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During child custody cases, family courts in Massachusetts take allegations of domestic violence very seriously. They do not want to put a child in a dangerous situation. Courts will consider several factors when there are allegations of domestic violence, including the frequency and severity of the acts of violence, whether the accused person currently poses a danger to the other parent or child and whether there are criminal charges pending against the accused.

The court will consider whether the alleged violence was directed at the child and the extent to which it had an effect on him or her. It will also generally consider police reports and other evidence of abuse, including photographs. The court’s custody decisions will ultimately be based on what’s best for the child. Evidence of domestic violence is often considered in child custody cases. If the court determines that it is dangerous for an individual to be around his or her child or the other parent, he or she may be denied custody.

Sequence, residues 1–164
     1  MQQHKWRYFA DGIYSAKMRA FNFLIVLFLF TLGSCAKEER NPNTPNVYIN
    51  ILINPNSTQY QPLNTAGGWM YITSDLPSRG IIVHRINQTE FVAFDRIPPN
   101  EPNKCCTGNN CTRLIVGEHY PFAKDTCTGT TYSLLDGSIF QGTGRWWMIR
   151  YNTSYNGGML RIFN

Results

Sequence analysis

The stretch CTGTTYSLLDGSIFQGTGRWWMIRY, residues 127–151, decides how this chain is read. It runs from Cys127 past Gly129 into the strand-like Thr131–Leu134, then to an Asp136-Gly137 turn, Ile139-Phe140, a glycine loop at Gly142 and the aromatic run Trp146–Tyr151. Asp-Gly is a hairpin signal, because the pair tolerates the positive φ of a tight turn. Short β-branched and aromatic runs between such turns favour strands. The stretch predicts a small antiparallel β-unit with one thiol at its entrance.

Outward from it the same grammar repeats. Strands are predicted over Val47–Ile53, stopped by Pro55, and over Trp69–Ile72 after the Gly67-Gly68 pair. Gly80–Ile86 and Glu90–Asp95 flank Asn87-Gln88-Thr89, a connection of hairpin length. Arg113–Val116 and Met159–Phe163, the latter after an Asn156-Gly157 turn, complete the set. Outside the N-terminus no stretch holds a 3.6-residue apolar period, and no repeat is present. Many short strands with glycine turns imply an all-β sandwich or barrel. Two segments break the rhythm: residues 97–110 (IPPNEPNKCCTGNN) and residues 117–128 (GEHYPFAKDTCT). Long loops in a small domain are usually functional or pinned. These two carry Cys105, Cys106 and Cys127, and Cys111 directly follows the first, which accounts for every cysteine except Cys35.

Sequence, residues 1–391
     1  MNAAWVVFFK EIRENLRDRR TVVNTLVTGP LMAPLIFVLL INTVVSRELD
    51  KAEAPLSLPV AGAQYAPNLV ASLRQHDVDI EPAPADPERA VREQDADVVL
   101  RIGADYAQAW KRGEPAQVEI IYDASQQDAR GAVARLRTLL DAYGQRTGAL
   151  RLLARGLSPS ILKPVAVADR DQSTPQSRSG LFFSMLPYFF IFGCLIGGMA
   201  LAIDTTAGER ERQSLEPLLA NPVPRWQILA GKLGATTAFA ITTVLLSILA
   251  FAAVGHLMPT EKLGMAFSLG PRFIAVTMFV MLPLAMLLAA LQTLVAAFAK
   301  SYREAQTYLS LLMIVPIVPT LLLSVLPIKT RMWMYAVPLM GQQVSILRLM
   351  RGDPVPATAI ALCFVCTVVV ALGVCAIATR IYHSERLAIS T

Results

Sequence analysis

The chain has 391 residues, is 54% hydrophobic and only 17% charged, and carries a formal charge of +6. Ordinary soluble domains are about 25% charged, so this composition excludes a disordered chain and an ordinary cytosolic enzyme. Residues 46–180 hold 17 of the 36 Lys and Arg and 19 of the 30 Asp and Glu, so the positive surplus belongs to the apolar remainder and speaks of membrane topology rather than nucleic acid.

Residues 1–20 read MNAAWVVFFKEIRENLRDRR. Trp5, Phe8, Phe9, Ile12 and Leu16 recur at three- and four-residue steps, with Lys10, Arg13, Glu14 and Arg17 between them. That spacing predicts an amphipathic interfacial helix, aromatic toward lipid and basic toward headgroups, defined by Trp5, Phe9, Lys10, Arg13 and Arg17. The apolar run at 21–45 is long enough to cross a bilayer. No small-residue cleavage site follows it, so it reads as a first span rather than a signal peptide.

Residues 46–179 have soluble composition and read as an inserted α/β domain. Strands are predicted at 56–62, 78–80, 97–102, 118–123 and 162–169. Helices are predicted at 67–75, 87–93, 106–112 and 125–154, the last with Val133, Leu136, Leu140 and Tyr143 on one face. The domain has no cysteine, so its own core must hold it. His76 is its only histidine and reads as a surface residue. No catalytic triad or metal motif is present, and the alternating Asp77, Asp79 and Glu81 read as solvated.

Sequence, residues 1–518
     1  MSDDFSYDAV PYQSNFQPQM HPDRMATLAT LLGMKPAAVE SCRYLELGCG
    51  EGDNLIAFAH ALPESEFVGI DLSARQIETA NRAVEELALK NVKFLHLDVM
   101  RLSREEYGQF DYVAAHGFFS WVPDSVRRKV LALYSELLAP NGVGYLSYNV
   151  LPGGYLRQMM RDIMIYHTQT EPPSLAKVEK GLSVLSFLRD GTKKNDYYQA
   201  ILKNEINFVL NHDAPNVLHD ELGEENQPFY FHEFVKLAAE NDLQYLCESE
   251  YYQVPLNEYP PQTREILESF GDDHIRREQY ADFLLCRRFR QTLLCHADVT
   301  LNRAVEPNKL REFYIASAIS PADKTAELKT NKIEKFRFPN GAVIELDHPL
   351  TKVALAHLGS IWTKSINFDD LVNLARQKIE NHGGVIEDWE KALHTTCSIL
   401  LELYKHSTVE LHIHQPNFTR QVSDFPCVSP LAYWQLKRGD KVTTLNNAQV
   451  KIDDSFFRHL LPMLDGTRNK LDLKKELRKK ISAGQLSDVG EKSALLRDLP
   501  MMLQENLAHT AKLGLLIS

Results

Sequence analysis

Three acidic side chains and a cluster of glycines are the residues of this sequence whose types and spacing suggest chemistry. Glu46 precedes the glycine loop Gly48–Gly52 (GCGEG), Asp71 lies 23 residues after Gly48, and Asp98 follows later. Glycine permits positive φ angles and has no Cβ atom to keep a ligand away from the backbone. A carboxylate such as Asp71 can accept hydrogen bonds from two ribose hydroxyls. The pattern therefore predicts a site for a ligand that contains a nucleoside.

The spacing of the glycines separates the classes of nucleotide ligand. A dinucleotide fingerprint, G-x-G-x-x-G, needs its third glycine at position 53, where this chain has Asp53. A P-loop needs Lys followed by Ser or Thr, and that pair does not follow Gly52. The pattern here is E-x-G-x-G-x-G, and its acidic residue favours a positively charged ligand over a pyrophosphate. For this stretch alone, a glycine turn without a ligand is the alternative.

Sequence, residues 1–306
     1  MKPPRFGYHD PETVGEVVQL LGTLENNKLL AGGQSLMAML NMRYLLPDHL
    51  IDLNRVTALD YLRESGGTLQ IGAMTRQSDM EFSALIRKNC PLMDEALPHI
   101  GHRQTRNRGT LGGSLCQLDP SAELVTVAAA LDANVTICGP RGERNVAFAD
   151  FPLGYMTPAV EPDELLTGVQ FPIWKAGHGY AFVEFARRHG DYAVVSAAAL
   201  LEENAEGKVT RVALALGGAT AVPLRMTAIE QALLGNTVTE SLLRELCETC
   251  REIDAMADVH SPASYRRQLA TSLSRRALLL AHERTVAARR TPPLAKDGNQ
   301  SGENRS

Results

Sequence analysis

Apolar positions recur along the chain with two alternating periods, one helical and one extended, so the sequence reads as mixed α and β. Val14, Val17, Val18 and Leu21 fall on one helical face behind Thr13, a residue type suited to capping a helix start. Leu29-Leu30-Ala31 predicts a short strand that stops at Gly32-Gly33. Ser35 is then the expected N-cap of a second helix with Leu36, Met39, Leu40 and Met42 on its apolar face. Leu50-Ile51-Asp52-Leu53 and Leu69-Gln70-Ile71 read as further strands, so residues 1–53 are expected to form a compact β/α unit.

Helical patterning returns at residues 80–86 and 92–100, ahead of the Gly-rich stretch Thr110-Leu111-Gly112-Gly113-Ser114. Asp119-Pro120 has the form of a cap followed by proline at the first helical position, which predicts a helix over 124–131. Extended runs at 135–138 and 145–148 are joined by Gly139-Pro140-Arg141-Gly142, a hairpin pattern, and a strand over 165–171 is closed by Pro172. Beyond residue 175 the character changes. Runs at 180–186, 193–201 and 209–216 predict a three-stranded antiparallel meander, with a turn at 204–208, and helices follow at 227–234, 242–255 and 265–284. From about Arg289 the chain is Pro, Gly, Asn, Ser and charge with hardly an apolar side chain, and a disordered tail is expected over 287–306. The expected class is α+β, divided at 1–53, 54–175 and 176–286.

Occurrences of domestic violence may impact visitation decisions as well as child custody determinations. The court may choose to order supervised visitation and anger management or parenting classes. It also may issue an order of protection or a restraining order, revoke visitation rights or revise an existing visitation order. The court can also require that the accused person attend domestic violence counseling and otherwise attempt to promote the child’s best interests.

People in Massachusetts who are approaching or going through a child custody case might want to speak with a lawyer. An attorney with experience in family law might be able to help someone by examining the facts of the situation and developing a strategy to arrive at the desired outcome. A lawyer might negotiate with the other parent, conduct depositions or gather and organize evidence in preparation for trial.